In children, there is not much difference in the frequency of headaches between boys and girls. However, once they reach puberty and start their menstrual cycle, women are more likely to have headaches than men. Before and during menstruation, your body shifts hormone levels, which can increase the chances of headaches and migraines. It’s enough to be dealing with menstrual pain, let alone the addition of cyclical headaches. Ask your doctor if there are any treatments that can help this type of headache condition. Hormone balancing can make a huge improvement for some women.

The Pill

Although some women find that taking the pill relieves their menstrual headaches, it can also have the opposite effect. The pill affects hormones and can create an imbalance in the body. If you suspect this is the case, speak with your doctor and see if you can switch to a different brand or dosage. Everybody reacts differently to medication, so it might take a few attempts to find the right one. 


The season leading up to menopause and through it, hormone shifts- sometimes extreme- can bring about a long list of symptoms. Though fatigue and hot flashes are the most common and extremely annoying, headaches can be a big problem if they are severe. Stress can also be a trigger for menopausal headaches, so relaxation and rest techniques are important.

They can also be triggered by bad sleep patterns, hunger, bright lights, and certain foods and drinks. It’s important that you keep a record of your headaches in order to discover the triggers and root causes. In some cases, bio-identical hormone replacement can help menopause symptoms. Additionally, some doctors prescribe medication or recommend herbal supplements to help women get through severe symptoms like insomnia, anxiety, and mood swings.

Do the best you can to identify potential headache triggers and make lifestyle changes as you can. In most cases, relief can be found by eliminating such triggers and investigating causes. In doing so, you are also likely to improve your overall health and well-being. Remember to always consult your healthcare provider about changes in your symptoms and ones that are ongoing.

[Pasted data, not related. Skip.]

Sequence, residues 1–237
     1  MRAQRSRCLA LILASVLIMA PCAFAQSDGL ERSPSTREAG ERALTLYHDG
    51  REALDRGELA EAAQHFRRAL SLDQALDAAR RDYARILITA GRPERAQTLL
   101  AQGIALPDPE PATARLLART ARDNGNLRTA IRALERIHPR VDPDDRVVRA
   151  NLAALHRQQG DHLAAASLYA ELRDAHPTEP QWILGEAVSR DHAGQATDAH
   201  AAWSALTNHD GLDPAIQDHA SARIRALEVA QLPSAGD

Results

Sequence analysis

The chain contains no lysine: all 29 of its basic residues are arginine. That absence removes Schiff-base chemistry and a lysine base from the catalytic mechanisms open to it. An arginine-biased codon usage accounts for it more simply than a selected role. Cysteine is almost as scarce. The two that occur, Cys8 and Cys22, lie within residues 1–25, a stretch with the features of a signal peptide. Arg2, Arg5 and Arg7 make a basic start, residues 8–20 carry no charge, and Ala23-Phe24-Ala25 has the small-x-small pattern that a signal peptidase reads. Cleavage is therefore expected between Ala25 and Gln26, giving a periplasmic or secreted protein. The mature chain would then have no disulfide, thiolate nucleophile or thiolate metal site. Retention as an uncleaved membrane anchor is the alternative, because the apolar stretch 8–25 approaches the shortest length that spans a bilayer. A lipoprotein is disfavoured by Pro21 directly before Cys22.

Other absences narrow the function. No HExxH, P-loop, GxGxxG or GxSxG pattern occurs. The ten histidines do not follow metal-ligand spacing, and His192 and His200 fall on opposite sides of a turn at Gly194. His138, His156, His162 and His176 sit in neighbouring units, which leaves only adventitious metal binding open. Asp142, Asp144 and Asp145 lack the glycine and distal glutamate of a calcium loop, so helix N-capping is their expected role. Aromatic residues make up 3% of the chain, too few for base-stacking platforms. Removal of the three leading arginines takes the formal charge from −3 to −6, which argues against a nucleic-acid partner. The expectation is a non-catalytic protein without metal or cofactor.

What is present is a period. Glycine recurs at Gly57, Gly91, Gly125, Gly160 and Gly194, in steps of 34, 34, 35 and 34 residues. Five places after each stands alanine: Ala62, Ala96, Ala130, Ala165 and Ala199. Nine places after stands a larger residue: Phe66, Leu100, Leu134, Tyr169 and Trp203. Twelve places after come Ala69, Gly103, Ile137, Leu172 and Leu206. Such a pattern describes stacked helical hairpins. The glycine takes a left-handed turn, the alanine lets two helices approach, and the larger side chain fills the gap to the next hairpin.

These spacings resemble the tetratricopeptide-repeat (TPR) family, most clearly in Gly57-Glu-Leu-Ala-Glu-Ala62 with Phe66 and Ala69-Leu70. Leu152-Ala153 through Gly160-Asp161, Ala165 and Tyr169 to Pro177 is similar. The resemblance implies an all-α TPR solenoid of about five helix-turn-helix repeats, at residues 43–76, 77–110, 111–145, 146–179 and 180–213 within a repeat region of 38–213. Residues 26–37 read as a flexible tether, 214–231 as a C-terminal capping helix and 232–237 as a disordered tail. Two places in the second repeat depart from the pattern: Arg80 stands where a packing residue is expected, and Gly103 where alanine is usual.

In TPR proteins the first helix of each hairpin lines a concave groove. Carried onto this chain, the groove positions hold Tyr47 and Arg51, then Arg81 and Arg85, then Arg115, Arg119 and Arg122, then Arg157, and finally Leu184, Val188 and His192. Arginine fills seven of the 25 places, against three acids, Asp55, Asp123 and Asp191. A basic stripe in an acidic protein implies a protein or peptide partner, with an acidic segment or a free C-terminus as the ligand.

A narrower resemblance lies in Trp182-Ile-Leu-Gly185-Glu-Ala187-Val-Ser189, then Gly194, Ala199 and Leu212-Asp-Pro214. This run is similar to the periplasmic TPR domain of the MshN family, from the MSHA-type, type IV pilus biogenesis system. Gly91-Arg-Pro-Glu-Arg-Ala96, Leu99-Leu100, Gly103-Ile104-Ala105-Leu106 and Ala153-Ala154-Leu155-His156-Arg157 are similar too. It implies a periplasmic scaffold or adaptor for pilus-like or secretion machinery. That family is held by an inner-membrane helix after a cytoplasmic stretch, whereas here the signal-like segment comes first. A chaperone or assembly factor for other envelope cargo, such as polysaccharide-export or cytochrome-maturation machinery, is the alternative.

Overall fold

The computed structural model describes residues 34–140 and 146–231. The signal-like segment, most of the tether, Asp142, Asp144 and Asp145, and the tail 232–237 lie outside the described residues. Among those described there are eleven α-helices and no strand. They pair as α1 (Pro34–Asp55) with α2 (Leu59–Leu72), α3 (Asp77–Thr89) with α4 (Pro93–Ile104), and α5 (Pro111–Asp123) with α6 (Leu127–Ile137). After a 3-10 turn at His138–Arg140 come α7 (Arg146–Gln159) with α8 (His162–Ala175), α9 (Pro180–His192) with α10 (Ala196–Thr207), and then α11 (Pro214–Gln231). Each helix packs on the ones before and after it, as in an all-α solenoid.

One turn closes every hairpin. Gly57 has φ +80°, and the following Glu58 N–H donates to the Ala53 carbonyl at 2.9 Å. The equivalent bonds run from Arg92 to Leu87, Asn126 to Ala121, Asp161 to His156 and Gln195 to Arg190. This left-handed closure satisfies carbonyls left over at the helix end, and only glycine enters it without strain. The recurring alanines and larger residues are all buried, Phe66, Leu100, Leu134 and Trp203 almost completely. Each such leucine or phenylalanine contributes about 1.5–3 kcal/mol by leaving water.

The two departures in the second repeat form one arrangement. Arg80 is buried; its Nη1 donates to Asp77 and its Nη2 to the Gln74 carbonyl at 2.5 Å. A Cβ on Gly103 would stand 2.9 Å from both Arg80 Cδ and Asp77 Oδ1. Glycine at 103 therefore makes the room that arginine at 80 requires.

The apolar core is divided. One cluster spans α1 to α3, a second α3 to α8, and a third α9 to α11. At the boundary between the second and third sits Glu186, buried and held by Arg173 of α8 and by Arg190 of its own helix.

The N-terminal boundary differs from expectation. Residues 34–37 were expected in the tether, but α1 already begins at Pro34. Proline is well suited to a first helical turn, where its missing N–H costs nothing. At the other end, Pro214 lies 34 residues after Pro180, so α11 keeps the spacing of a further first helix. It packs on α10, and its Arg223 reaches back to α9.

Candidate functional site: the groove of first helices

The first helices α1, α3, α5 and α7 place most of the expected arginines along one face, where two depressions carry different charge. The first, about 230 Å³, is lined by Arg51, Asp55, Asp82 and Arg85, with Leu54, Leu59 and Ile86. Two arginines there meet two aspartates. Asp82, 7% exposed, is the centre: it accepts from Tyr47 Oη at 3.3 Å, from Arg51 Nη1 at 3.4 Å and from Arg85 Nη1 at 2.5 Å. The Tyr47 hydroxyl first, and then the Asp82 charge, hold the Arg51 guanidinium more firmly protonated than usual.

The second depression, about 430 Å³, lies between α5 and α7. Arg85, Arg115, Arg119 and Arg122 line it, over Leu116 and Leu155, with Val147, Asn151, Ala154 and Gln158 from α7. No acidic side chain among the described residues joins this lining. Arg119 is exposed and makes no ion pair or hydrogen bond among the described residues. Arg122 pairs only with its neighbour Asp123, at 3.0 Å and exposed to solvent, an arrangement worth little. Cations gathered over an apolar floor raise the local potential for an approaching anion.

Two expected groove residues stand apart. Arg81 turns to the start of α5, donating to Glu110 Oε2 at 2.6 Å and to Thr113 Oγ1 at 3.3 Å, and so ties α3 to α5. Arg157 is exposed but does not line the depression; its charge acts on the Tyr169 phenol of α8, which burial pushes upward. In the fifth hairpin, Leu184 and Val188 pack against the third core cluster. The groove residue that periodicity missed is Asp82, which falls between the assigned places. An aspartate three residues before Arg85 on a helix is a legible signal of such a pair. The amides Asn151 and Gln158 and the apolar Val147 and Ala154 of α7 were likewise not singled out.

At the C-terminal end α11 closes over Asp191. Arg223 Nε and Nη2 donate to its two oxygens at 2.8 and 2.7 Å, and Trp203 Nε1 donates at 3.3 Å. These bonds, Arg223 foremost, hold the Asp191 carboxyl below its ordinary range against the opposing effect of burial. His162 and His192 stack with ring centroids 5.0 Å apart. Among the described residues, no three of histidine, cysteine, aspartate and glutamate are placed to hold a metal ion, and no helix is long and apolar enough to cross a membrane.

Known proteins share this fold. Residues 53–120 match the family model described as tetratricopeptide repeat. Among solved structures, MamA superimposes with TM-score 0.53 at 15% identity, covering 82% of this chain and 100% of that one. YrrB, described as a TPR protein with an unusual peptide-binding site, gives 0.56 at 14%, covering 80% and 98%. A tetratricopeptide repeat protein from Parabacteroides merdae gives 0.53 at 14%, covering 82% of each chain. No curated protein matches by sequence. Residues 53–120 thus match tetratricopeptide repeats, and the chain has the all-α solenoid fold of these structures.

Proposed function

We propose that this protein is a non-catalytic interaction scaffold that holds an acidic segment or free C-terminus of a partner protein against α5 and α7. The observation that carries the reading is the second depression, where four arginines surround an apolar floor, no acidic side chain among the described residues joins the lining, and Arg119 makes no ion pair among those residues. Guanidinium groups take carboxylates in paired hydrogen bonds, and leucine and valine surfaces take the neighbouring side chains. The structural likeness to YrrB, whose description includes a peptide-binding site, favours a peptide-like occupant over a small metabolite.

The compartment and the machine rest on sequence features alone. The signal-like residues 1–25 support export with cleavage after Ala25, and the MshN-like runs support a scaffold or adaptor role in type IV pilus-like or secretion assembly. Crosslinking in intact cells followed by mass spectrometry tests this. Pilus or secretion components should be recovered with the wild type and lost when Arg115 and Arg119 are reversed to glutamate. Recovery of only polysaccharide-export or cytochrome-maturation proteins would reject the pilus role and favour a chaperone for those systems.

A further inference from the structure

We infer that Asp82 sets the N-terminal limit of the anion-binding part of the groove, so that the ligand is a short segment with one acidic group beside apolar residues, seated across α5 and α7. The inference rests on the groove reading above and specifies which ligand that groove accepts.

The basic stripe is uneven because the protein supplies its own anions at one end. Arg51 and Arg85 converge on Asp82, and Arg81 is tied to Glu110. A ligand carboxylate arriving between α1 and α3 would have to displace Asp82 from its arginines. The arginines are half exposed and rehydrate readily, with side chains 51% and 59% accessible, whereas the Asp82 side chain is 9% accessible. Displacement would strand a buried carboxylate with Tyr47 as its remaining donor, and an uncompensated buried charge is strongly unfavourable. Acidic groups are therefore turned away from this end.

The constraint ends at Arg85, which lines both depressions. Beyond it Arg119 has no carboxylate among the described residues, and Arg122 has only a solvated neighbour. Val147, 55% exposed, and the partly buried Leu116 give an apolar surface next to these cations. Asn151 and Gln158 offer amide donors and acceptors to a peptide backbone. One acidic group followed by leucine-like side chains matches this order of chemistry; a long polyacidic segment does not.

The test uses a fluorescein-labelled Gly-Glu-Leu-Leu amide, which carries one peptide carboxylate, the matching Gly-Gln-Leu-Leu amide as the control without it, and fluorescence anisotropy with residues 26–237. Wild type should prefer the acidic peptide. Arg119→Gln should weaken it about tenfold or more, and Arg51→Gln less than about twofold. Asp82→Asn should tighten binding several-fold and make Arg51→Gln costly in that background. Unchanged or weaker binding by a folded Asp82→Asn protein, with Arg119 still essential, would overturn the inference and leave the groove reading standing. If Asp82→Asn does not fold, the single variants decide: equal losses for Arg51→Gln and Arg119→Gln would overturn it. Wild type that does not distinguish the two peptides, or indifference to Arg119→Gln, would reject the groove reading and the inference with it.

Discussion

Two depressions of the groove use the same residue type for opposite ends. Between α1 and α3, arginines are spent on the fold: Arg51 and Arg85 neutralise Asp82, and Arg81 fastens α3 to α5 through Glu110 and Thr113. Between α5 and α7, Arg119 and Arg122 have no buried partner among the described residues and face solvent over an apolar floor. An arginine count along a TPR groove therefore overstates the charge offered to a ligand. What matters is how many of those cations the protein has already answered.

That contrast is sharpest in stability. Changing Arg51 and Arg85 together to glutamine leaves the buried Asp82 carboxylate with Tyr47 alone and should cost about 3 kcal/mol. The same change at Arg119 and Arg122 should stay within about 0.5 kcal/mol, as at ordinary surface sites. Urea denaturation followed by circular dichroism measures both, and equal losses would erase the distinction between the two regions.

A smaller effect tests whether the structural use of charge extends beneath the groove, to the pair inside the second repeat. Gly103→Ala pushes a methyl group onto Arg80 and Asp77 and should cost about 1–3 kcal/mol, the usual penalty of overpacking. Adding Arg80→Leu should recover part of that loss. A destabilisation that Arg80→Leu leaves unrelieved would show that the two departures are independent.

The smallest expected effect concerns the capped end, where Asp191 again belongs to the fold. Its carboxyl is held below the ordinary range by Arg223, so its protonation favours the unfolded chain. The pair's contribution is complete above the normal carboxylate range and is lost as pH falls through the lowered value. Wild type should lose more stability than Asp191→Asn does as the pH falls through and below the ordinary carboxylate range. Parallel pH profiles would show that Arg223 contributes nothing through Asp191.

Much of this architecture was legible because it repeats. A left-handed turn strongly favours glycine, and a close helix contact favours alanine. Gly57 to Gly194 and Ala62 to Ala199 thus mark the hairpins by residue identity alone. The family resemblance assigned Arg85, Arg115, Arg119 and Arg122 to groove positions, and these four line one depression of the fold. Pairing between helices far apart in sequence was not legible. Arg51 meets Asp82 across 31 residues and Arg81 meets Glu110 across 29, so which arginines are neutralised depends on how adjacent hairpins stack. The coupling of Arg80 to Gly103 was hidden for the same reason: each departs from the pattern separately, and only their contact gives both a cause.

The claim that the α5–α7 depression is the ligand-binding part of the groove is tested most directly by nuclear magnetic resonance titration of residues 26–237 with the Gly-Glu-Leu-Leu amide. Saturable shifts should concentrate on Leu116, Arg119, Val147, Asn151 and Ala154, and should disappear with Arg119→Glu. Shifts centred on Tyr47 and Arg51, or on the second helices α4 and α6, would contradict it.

**** This post is strictly informational and is not meant to replace the advice of your healthcare provider. Women’s lifelink, it’s owners, administrators, contributors, affiliates, vendors, authors, and editors do not claim that this information will diagnose, treat, or improve any condition or disease.


About Kellie R. Stone

"I make no excuses for my diverse roles as a Rock Your Feminine Type Coach™ and Branding Expert, best-selling author, and crime thriller novelist. Yes, I do still chuckle a bit at the irony. I kick ass as a women’s biz coach by day and kill off vulnerable fiction characters at night. What the hell, it makes for some interesting dreams. I believe that everyone should pursue their passions no matter how out there they seem to be. One of those pure heart-fluttering passions for me has always been writing. Since I did, indeed, chase my dream of being a writer, I've published two non-fiction books in the self-development genre, co-authored an international best seller, and now I'm finally pushing my much-too-old-to-be-in-the-nest novel out the door and into the world. My whole world is empowering and I adore showing others how to live life unfiltered, whether I do that through the written word or my coaching work. I love my job!" ~Kellie R. Stone